Edwin The Kid

1951 Super Engine Removal Help

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Posted (edited)

I've decided to pull the engine from my super, what is the best way to go about doing that? Other than the 2 mounting points easily visible from the top, what else do I have to unbolt to remove it? Do I also have to unbolt the dynaflow transmission before pulling the engine? 

Edited by Edwin The Kid (see edit history)

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I'm no expert here but from what I've read on prior posts, its certainly possible to remove the entire tranny with engine  attached but only with adequate lifting power. Your average shop crane would be pushing it. Rigging experience with heavy objects would be helpful as well. 

Search old posts on this site and you should find all  such information. Others with actual experience may chime in as well. Good luck.

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If you have not freed up the motor then it may be helpful to keep it in the car a while.  The reason is because it would be easier to access the flywheel with a pinch bar, as Willie ( old Tank) suggested,  to work the engine free.  At a minimum there will be three bolts holding the torque converter to the flex plate and you need to access those to disconnect the Dynaflow from the engine.  If you can't access those then there are other means to get it out, but it means disassembling the bottom of the motor to do so.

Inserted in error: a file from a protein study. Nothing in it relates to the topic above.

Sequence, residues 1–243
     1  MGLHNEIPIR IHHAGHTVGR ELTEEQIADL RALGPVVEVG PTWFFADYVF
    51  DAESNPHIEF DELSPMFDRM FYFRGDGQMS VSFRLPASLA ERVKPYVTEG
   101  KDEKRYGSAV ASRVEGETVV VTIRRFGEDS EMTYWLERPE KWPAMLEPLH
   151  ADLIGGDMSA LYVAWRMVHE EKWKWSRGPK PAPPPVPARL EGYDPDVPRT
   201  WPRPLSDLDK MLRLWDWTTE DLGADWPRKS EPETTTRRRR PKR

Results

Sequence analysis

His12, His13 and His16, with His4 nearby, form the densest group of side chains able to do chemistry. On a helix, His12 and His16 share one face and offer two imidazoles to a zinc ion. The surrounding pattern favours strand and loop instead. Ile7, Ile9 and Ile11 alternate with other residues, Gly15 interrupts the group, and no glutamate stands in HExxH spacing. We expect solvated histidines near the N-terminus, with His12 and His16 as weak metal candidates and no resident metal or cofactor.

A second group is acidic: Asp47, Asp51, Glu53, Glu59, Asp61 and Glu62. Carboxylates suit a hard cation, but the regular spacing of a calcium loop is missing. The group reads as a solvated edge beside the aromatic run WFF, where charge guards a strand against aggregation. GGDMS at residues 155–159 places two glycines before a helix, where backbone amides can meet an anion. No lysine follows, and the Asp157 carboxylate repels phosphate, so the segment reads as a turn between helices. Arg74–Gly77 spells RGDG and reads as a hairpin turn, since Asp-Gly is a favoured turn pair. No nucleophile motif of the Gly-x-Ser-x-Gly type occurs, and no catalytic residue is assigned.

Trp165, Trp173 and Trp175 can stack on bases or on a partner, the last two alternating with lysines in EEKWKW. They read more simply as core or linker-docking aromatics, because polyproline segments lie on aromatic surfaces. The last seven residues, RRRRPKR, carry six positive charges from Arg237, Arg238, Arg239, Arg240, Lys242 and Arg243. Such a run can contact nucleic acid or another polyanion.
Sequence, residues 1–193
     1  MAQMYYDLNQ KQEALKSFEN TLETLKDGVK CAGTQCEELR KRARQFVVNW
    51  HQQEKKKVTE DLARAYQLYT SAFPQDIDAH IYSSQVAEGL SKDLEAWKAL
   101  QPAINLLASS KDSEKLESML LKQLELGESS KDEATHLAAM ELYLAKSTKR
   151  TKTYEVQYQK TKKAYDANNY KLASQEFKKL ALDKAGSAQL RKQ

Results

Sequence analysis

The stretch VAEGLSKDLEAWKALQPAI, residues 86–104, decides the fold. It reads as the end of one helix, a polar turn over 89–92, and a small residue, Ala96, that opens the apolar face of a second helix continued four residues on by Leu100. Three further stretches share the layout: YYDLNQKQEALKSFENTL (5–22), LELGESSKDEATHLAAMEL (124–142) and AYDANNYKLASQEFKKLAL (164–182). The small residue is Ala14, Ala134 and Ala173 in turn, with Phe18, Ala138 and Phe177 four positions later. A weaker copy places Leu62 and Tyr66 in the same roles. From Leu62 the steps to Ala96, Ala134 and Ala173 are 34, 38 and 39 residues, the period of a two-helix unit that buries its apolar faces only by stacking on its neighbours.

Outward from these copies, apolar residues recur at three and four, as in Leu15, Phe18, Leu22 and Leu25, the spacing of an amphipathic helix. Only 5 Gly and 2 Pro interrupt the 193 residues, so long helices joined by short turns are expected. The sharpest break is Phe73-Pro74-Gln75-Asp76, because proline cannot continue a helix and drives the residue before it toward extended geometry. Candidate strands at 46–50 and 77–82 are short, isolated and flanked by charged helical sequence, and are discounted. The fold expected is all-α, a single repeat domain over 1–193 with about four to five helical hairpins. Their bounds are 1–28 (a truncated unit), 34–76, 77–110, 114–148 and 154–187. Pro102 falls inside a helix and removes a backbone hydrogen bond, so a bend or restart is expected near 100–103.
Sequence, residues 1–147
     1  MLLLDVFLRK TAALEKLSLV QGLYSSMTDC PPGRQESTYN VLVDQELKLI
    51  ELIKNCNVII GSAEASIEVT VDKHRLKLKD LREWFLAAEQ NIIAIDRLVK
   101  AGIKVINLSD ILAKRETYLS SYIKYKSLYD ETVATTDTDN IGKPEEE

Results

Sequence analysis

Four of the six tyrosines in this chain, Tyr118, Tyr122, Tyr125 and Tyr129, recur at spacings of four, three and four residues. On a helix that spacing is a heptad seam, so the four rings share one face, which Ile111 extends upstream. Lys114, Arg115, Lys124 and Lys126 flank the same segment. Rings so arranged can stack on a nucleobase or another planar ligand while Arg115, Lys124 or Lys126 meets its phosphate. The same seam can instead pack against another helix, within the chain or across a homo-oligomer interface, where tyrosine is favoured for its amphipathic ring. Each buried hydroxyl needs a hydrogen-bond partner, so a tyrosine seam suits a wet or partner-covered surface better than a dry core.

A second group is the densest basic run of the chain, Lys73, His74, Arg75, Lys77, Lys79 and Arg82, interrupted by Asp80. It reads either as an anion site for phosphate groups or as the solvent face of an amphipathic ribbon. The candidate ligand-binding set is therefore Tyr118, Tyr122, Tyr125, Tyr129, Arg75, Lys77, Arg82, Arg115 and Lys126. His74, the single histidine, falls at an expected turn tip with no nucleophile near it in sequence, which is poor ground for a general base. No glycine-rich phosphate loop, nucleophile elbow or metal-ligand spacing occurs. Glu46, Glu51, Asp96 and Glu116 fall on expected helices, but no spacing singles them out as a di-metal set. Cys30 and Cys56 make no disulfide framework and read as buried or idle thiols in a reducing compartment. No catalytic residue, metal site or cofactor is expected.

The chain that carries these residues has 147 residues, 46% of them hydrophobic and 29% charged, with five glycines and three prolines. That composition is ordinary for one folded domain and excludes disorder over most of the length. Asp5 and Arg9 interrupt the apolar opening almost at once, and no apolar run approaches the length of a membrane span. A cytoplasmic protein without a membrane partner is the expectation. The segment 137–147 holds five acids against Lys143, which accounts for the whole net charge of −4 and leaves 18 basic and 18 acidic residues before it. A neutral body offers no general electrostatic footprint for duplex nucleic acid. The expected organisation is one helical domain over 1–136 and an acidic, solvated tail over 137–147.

If you cannot get the torque converter unbolted then you can pull the engine and trans as a unit.  The best thing to do is to remove the top grill bar, grill, radiator and top radiator support, and then you should have enough space to pull the engine and trans forward and up as a unit. 

 

Keep in mind that you also have to unbolt the torque tube from the rear of the transmission and you have to unbolt the transmission from it's mount,  plus unbolt and drop the piece of sub frame the mount is bolted to.  Once the rear axle is disconnected from the trans,  the rear axle can get dislodged if you try to move the vehicle. 

 

You also have to disconnect the oil pressure gauge and coolant temperature gauge lines on the engine.  The coolant gauge is not a wire.  It is a tube, that is connected to the gauge on the interior side - and the sender that is in the engine block- on the other. If that is mishandled, the tube will break, rendering the dash board temp gauge useless.  Many break.  they are repairable, which is not cheap,  and there are still some in circulation to replace it, but not easy to find. 

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